Due to several factors beyond our control, we decided to delay starting the MVC (Minimum Viable Cottage) build until 2024.
What this means for you, dear reader, is a bigger focus on birds, tree felling (known as "lumberdacking" here), wood stacking and stickering, and preparations for the ski run, including rope tow hardware and engineering. It will probably also lead to at least one and possibly several more pivots on our plans for the MVC.
So, let's get to it.
Here's the entrance to the back bowl. This initial run has been cleared down to the gorgeous white pine in the distance, which is about 250 feet long with 65 feet of vertical drop. It's roughly the halfway point. It's ready for ❄️. Anticipating that I flagged some of the bigger stumps and rocks I couldn't remove by hand.
Here are our kitchen shelves, along with the some 6" stock for our pocket door slabs. The initial idea was to have these being floating shelves, but 2" x 12" solid oak will demand beefy steel brackets (and probably a steel-reinforced wall).
Here's our 1-by material so far. It's flooring and cladding for all the walls and ceilings. There is lots more still to be milled.
About two weeks ago I met with our architect for a deep dive into wall height, roof pitch, and what makes a cottage a cottage.
We couldn't figure out that last one — cottage architecture is all over the place — but we did agree on abandoning our original 10/10 plan (10' wall + 10/12 roof) and pivoting to an 11/11 approach. In short, to make the MVC more Silvernailsy.
I pulled the idea into SketchUp and I think this is where we're going to finally land. I love how this looks.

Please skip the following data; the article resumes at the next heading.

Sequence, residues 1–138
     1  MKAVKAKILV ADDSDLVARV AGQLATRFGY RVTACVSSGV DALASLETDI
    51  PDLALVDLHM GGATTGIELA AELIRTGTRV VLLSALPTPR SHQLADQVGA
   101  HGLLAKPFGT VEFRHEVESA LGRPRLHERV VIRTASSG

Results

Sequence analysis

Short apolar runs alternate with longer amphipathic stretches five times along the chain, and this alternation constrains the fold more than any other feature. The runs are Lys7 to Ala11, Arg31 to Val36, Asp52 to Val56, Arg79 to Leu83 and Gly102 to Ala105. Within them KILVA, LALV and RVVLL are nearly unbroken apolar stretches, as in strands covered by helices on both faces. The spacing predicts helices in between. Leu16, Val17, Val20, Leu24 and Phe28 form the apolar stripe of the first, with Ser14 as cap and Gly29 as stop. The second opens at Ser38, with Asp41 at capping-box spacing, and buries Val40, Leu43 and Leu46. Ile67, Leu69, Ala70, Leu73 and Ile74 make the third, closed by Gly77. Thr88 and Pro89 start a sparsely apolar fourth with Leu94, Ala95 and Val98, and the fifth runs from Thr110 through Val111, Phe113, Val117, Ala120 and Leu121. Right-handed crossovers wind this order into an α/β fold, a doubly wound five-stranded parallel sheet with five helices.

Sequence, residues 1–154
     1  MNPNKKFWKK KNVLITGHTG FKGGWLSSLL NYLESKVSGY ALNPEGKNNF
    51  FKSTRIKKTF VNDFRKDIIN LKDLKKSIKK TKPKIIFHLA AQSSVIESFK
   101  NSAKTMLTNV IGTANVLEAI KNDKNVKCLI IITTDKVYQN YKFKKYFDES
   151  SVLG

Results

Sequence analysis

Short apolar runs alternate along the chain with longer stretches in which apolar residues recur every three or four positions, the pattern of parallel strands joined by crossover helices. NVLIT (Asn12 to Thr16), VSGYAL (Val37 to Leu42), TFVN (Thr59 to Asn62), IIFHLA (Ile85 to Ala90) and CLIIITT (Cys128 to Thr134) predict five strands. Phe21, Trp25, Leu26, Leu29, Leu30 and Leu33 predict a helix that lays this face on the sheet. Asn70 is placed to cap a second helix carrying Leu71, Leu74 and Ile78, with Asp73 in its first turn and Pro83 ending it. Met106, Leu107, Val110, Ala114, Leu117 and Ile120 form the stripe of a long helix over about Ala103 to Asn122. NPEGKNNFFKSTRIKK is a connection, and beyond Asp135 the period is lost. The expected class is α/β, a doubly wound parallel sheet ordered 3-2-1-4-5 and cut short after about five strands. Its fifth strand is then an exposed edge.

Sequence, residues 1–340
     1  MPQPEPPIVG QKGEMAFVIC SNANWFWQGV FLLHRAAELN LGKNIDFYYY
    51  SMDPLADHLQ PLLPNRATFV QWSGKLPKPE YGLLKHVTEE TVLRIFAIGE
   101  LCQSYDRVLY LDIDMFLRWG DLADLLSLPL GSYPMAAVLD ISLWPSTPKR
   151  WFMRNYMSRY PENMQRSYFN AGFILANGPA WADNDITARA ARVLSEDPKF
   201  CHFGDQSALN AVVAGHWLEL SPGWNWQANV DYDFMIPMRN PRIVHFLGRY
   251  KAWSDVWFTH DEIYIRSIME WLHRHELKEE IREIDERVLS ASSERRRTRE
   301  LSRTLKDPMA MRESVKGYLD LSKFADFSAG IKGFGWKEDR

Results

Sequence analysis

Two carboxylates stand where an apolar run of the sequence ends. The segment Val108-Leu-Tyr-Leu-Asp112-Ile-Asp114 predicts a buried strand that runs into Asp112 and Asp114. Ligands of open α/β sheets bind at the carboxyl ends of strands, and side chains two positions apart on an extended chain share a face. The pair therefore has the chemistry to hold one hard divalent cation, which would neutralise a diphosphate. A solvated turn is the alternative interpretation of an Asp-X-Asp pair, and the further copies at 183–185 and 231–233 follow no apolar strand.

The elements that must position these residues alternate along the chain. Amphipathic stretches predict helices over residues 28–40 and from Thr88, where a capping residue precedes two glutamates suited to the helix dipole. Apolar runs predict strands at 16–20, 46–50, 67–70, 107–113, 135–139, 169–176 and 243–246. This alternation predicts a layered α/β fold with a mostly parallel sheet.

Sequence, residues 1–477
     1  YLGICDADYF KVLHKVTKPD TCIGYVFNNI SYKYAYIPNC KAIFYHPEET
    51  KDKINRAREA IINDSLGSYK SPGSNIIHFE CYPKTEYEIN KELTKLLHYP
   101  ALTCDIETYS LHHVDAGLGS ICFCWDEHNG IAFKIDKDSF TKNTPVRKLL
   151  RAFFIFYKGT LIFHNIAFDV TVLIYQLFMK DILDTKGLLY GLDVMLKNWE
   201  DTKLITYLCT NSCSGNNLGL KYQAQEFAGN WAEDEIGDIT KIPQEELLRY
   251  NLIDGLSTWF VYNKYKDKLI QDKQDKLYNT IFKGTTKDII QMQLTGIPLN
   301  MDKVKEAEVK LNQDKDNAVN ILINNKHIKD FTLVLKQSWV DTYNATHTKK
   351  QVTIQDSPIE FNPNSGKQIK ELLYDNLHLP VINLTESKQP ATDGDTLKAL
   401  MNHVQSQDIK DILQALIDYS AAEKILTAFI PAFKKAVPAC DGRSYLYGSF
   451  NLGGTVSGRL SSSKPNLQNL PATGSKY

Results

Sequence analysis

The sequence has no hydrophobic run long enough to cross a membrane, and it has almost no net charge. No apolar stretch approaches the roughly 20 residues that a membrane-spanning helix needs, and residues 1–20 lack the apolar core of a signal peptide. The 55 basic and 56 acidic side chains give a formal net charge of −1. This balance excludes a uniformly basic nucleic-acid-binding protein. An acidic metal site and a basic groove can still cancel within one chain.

Why all the glass, you ask? The view! We want to see it as much and as often as possible. This is the front of the house. The money side. The entire reason why people pay a hefty premium for escarpment lots in Door County.
We're putting folding patio doors in the center bent to connect the indoor and outdoor spaces, and also enlarge the size of our mere ~850 square feet. If we weren't in Climate Zone 6 and at ~45° latitude and have a shit-ton of giant 🦟🦟🦟, I'd put these doors in all three bents and have them open all the time.
One thing I did discover in doing this was SketchUp's new Live Components. So cool. This feature is clearly MVP — there are so few LCs — but these windows and doors are all drawn with components built by and hosted at SketchUp, so they can be configured live and presumably updated with new features as the SketchUp team adds them. My favorite part was playing with the window and door openings to see how things look open, closed, and in-between. SketchUp team, if you're reading this, kudos and please add way, way more.
Cottage on High Bluff Road is a blog documenting a house build in Door County, Wisconsin. A more in-depth explanation is in the inaugural entry.
We're just getting started and don't have a lot of channels, but the early leaders for content are mistakes, lot, and view. Many more to come.